Spanish airports privatisation in limbo

Bidders interested in Madrid’s and Barcelona’s airports now have three more months to present their offers. By the time they lodge them, though, Spain will probably have elected a new conservative government opposed to the airport privatisations in their current form.

The Spanish government has caved in to political and private sector pressure and postponed the privatisation of 90 percent of Madrid’s Barajas and Barcelona’s El Prat airports until after the November 20 general elections.

Aena, the country’s airports operator, announced in a statement yesterday that it will seek to extend the bidding deadline for interested consortia by three months – from October 31, 2011 to January 31, 2012. The airports operator says the extension is justified because the seven consortia interested in bidding for the airports told Aena that they were having difficulty in raising finance to back their offers.

The Spanish government is said to be looking to net an upfront payment of €5.3 billion for the two airports – €3.7 billion for Barajas and €1.6 billion for El Prat. Additionally, the authorities are targeting an annual payment from the private partner equal to 20 percent of each airport’s revenues, or a minimum of €150 million annually for Barajas and €80 million a year for El Prat.

What is not referred to in the statement – but is likely to have played a part in Aena’s decision – is the strong political opposition to the privatisations, in their current form, expressed by Spain’s PP conservative party, which looks poised to win in the upcoming general elections.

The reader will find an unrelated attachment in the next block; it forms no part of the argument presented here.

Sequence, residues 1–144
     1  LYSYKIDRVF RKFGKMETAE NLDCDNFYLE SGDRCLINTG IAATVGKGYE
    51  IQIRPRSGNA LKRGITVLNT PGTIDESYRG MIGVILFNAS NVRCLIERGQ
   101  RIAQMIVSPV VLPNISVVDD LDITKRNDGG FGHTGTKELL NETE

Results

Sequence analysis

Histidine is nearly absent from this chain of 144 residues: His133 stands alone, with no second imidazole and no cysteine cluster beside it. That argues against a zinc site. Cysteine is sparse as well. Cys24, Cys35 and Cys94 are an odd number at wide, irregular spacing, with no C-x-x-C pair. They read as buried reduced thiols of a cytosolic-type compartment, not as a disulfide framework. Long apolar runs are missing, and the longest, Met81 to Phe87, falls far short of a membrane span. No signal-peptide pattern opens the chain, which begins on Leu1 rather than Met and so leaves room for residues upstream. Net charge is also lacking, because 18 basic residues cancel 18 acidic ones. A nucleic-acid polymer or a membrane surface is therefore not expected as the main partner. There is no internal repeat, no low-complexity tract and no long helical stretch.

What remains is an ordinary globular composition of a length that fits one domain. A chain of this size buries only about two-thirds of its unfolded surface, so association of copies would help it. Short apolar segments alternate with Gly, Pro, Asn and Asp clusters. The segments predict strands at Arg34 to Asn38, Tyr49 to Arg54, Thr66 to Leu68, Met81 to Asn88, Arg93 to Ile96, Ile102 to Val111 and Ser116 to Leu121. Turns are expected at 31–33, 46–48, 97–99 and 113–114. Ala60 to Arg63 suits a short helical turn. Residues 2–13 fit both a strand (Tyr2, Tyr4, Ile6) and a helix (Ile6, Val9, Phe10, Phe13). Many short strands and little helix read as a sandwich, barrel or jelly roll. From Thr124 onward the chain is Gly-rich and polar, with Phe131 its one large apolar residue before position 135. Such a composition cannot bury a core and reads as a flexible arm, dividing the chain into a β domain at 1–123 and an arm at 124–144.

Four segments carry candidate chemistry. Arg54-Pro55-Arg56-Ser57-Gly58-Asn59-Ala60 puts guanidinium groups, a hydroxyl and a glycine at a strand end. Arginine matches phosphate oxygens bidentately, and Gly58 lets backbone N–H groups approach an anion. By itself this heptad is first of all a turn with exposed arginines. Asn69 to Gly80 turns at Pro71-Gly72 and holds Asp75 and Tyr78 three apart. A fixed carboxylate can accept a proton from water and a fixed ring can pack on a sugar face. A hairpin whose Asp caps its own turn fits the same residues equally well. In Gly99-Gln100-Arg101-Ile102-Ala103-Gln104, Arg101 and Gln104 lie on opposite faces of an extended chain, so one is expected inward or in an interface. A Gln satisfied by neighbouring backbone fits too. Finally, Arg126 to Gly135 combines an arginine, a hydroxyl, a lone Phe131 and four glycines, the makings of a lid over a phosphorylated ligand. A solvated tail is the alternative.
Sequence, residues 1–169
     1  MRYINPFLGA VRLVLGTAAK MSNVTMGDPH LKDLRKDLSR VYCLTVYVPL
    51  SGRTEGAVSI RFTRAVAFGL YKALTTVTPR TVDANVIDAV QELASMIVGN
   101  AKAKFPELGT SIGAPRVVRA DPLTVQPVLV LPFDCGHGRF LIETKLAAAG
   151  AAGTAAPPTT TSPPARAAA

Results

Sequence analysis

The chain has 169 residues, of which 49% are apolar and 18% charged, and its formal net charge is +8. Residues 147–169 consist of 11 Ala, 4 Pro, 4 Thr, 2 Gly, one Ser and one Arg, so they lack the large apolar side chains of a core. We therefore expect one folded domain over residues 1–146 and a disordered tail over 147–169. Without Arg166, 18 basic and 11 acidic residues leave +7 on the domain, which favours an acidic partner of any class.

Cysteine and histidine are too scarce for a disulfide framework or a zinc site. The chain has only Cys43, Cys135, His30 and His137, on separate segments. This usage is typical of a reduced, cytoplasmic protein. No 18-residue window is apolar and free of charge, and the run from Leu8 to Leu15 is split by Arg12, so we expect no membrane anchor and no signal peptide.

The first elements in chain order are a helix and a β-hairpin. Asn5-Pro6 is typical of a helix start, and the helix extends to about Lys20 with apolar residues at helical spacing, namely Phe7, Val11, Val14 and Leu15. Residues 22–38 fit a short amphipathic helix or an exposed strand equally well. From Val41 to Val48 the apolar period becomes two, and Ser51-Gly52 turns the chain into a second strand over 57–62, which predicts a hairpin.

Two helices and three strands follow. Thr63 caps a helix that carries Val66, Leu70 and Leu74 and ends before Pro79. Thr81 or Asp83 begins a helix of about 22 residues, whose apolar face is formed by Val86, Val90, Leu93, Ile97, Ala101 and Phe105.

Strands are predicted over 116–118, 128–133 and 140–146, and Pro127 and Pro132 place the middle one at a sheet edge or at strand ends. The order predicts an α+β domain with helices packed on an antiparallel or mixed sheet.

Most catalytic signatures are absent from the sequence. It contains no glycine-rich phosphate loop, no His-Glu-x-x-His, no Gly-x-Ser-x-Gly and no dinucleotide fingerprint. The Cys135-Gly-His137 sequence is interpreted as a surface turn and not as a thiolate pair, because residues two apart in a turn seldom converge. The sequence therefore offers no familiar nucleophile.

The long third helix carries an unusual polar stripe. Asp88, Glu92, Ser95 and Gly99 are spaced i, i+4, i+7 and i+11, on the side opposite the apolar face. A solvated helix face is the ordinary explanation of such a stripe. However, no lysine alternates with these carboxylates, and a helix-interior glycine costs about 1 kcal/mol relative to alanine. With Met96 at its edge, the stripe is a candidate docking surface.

In an earlier interview with aviation magazine Actualidad Aeroespacial, Andres Ayala, the PP’s shadow transport secretary, said his party is not opposed to privatising Spain’s airports in a different way:

“We will not hesitate when the time comes to award our airport management to the private sector. But we will use a model that is not incompatible and contradictory, as the current model is and which, furthermore, undervalues the assets Aena owns.” 

He continued: “We believe in private management, but in a way that the concessionaire knows what he’s getting. Under the current model, it is intended investors take on a very important country risk without being able to intervene in airport management, which is why investors are demanding a higher premium than they would if they could intervene in airport management.”

Ayala seems to be referring to the second half of the current government’s privatisation plan, which originally called for the sale of 49 percent of Aena – dubbed the “world’s largest airports operator” by the government – to the private sector. He does not address the tender for the privatisation of Barajas and El Prat in the interview. Aena manages 47 airports across Spain and holds stakes in 27 airports all over the world. 

In its statement, Aena indicates that the tender for the sale of Barajas and El Prat will remain unchanged aside from the bidding deadline extension. For a full asset profile, go to Infrastructure Investor Assets.

For a full list of potential bidders and more details on the privatisation process, as outlined by the outgoing Socialist government, please click here